Bank of Jamaica (BoJ) Governor, Brian Wynter, is reporting a US$113 million increase in the country’s Net International Reserves (NIR).
The figure is US$997.3 million as at May 10, compared to US$884.3 million at the end of March.
Mr. Wynter attributed the improvement to “substantial” purchases of foreign exchange from the market by the BoJ, as well as the initial disbursement of US$207.2 million to Jamaica by the International Monetary Fund (IMF), under the recently concluded four-year Extended Fund Facility (EFF).
The BoJ Governor, who was addressing the Central Bank’s quarterly briefing at its downtown Kingston offices on Wednesday, May 15, informed that the NIR declined by US$241.3 million at the end of the January to March quarter, consequent on several factors.
These, he explained, included growing uncertainty about the timing and content of the pending EFF and anxieties about the administration’s ability to finance debt payments that were due in February.
“These concerns were reflected in a sharp decline in net private capital flows to the economy for the quarter…(and)..increased…depreciation in the (value of the Jamaica dollar against the US dollar),” the Governor pointed out.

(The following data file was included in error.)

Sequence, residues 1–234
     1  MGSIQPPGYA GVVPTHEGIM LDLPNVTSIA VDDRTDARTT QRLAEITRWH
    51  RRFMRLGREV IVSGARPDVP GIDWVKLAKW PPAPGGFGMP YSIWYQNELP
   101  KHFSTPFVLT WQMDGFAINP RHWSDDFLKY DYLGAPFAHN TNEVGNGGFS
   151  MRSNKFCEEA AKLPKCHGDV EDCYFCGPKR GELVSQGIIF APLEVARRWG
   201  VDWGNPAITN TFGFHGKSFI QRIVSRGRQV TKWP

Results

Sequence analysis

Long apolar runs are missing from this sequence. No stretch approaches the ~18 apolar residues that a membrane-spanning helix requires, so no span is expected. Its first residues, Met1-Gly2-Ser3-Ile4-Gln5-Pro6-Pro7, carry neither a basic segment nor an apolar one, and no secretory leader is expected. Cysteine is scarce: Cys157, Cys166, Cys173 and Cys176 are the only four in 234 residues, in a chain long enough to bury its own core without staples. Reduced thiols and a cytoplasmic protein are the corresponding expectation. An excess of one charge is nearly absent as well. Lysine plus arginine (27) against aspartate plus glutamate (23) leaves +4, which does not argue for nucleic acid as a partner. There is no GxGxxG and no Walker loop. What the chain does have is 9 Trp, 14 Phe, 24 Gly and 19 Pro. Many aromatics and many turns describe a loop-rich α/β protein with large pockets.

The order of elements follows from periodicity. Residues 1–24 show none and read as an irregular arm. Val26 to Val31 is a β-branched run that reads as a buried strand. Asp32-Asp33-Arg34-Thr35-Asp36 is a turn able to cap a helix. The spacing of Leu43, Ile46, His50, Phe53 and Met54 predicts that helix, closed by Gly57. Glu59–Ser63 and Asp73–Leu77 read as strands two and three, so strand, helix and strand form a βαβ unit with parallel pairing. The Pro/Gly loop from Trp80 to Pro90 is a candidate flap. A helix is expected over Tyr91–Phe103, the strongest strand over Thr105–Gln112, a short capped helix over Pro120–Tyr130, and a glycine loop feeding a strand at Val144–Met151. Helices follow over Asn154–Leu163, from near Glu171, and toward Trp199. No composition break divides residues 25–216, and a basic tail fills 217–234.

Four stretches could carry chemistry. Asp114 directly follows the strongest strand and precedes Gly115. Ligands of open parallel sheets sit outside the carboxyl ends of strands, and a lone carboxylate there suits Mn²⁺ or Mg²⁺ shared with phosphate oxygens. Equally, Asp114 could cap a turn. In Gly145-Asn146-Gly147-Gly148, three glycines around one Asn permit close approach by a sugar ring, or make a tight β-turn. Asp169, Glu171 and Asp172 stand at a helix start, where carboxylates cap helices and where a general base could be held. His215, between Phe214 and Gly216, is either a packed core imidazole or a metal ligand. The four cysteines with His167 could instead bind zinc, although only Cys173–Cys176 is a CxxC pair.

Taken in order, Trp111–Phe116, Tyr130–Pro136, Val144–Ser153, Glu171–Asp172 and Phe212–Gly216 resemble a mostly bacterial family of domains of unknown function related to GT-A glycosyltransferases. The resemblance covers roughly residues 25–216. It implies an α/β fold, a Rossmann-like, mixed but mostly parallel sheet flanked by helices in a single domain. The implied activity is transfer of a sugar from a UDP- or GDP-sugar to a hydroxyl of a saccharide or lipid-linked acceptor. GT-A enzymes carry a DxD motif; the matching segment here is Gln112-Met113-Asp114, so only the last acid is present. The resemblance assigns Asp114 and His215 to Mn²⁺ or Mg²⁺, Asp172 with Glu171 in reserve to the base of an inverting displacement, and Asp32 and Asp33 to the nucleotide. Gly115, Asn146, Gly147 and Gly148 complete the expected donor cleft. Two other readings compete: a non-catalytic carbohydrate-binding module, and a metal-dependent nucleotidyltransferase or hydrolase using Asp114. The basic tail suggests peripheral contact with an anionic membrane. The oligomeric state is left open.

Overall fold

At the same time, there was continued decline in foreign exchange net demand for external trade in goods and services.
“This decline was largely related to estimated reductions in payments for consumer goods and raw materials,” Mr. Wynter said.
The Governor said consequent on the IMF disbursement and the BoJ’s purchases, the uncertainties in the foreign exchange market during the January to March quarter “have now waned”.
He contended that these, along with market expectations of increased foreign currency inflows and the projected dividends on longer tenure instruments introduced in the market in April by the BoJ, have also resulted in an appreciation of the dollar since the middle of that month.
The one-year US dollar-indexed note and three variable rate instruments together, absorbed some $12 billion.
“The NIR is expected to continue to increase gradually over the (2013/14) fiscal year due to growth in multilateral inflows as well as incremental improvements in net private capital flows. The Bank of Jamaica remains committed to providing an orderly market for foreign exchange and will take the necessary actions to maintain order,” the Governor assured.
Mr. Wynter contended that “orderly” movements in the exchange rate, which enhance price competitiveness, will help to create an environment, which facilitates “strong and sustained” growth in exports and import substitution. These, he said, are “key objectives” of the Government’s medium-term macro-economic programme.
Contact: Douglas McIntosh